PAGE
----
Jets’ Dustin Byfuglien: Trade Target for the Capitals?

The Washington Capitals are currently the best team in the NHL and have allowed the fewest goals (90). However, injuries to key defensemen Brooks Orpik and John Carlson may tempt head coach Barry Trotz and the Caps’ senior management to test the trade market. One possible target: the Winnipeg Jets’ Dustin Byfuglien.

Orpik has been out for most of the season with a lower-body injury. Carlson had played a remarkable 412 consecutive games for Washington until his own lower-body injury forced him out.

Because of Orpik’s injury, the Capitals have relied heavily this season on D-men Nate Schmidt, Taylor Chorney, and – most recently because of Carlson’s absence – Aaron Ness from the AHL. Each has performed well, especially Schmidt with his Ovechkin-like slapshot from the blue line. However, Trotz is contemplating a long postseason this term and at least one extra experienced defenseman is required.

Carlson may return quite soon, but an Orpik return in the near future is unlikely. Winnipeg’s Byfuglien is a worthy trade target and pairing him with a fit-again Carlson on the top defensive line would pay dividends. If Orpik returns, it’s a win-win for the Capitals going into the later stages of the season.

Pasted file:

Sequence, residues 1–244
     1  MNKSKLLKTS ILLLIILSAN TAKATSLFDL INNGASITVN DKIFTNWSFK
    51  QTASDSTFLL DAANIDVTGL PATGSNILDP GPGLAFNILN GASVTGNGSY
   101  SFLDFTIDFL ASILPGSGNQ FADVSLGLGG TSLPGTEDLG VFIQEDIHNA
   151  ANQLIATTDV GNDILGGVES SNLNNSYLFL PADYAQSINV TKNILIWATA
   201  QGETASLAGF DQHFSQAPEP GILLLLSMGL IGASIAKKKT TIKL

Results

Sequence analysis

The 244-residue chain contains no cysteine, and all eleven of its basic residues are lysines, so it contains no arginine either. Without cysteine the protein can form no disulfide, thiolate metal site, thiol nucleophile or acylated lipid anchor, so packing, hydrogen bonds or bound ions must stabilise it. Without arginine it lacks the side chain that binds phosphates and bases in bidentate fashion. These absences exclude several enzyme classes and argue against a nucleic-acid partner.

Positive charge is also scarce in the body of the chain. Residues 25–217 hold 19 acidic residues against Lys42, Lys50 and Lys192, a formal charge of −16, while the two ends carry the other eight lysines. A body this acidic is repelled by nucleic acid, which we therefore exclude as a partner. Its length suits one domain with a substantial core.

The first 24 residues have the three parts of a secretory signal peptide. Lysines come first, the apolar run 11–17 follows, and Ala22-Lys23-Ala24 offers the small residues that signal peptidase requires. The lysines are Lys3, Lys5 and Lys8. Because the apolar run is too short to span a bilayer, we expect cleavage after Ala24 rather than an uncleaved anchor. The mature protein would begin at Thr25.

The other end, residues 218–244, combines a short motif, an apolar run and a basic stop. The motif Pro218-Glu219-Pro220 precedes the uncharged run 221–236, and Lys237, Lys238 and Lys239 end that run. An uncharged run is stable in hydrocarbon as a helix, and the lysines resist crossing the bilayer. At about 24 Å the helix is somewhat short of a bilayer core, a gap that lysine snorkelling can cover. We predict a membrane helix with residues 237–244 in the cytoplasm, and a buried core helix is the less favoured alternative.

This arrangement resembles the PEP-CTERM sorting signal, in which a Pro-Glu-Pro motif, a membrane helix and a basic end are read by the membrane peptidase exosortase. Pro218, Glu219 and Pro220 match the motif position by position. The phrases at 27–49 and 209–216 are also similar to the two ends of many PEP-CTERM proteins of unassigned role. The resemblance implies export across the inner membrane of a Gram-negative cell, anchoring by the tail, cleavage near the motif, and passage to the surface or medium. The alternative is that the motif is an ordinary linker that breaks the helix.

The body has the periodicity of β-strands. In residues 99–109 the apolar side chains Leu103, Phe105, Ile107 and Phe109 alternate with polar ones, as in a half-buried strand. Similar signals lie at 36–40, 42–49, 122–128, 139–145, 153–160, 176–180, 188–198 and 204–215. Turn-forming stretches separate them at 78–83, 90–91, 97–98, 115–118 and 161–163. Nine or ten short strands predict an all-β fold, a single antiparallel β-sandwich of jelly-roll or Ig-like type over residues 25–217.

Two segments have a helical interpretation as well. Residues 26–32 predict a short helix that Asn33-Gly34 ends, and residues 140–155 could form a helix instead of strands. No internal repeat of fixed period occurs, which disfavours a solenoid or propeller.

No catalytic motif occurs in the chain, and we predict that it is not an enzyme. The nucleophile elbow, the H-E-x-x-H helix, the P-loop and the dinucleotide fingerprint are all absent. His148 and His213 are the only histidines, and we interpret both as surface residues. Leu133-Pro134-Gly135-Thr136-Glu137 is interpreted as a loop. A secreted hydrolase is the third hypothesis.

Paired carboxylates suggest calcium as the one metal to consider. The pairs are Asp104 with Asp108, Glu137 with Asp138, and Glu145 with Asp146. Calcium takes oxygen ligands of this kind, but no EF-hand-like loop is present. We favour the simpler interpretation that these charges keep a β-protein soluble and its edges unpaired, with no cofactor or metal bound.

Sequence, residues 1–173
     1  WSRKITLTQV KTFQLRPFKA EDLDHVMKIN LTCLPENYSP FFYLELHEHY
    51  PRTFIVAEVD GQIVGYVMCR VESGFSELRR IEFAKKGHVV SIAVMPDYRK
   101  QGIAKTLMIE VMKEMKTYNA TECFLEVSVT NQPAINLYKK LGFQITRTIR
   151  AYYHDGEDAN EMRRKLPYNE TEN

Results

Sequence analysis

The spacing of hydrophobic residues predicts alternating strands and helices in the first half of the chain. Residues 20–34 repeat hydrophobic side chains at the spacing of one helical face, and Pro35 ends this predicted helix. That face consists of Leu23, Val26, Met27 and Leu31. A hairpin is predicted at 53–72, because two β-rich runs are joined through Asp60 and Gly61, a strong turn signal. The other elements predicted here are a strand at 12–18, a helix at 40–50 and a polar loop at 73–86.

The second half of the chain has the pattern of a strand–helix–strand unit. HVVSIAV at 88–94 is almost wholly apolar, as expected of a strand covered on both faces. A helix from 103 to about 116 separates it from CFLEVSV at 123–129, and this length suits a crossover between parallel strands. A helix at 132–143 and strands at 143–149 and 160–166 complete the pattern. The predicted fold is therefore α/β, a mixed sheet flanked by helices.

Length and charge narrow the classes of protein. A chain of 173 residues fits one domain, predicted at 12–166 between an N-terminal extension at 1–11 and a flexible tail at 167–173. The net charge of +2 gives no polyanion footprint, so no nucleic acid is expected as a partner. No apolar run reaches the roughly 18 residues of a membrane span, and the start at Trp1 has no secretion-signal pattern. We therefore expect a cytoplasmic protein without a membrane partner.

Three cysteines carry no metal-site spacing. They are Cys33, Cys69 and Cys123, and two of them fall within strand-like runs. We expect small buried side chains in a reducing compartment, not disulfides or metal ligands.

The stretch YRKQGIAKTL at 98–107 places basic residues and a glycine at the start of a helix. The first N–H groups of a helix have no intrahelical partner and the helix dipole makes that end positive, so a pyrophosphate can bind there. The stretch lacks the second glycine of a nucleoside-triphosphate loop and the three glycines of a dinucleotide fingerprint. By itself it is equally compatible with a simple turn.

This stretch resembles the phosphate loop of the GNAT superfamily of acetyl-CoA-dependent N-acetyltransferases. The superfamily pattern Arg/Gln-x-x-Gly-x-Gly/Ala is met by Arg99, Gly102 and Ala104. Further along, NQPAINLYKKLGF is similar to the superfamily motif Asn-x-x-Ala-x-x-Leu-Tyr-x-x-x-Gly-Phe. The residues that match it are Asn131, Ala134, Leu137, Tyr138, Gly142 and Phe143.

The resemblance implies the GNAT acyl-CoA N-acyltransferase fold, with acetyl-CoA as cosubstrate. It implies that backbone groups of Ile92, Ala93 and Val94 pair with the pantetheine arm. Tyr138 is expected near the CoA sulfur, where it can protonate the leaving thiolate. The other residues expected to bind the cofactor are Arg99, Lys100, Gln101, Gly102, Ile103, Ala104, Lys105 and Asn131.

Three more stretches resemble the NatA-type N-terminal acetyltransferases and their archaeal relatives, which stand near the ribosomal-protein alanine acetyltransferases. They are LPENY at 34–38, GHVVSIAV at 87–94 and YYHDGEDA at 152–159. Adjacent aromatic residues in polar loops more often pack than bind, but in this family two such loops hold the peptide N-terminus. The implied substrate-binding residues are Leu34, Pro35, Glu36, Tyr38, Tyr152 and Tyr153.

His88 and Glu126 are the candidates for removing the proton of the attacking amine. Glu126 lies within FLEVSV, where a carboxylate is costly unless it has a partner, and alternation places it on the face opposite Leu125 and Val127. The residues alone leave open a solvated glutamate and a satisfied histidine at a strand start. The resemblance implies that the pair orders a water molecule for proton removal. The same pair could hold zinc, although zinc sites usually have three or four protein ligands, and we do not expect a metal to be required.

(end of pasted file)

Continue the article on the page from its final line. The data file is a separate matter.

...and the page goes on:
Dustin Byfuglien is Good Business

Regardless of Orpik’s playing status, picking up Byfuglien is still good business. Chorney and Ness were obviously not part of Trotz’ 2015-16 defensive plans and Byfuglien could slot in on any defensive line.

Byfuglien, 30, leads all Winnipeg defensemen in points this term with nine goals and 14 assists, and he will become a free agent at the end of this season. In 640 career NHL games, he has 142 goals and 225 assists for a points total of 367. At 6’ 5” and 260 pounds, he would be a welcome (and massive) addition to any Capitals defensive paring. Byfuglien is set to make $5.2 million this term.

But, who goes in Winnipeg’s direction in exchange for Byfuglien – or for any player the Capitals make a move for? Forward Marcus Johansson and a prospect. Or—Johansson and cash.

Marcus Johansson Dustin Byfuglien trade
Capitals Center Marcus Johansson (Geoff Burke-USA TODAY Sports)

Johansson’s salary is $3,750,000 this season, after which he becomes a free agent. At 25, he’s younger than Byfuglien with his best seasons ahead of him. In 384 NHL games, Johansson has scored 71 goals and recorded 141 assists for a total of 212 points.

Mike Richards Changes Everything

The arrival of forward Mike Richards in Washington raised some eyebrows – especially about Johansson’s future with the club. Richards is a seasoned, Stanley Cup winner with 482 points from 710 NHL games. He could play on any line, but (if Johansson moved on) Richards would fill the void on the third line or play on the second line after some shuffling.

Winnipeg, bottom of the Central Division and with a minus-13 goal differential must turn things around. A trade is always a good kick in the pants for any struggling team. On the flip-side, Washington sit atop the entire league and are looking to get every last piece of the Stanley Cup puzzle firmly in place.

Another Cup winner on the roster is a shrewd move – especially a goal-scoring defenseman like Byfuglien.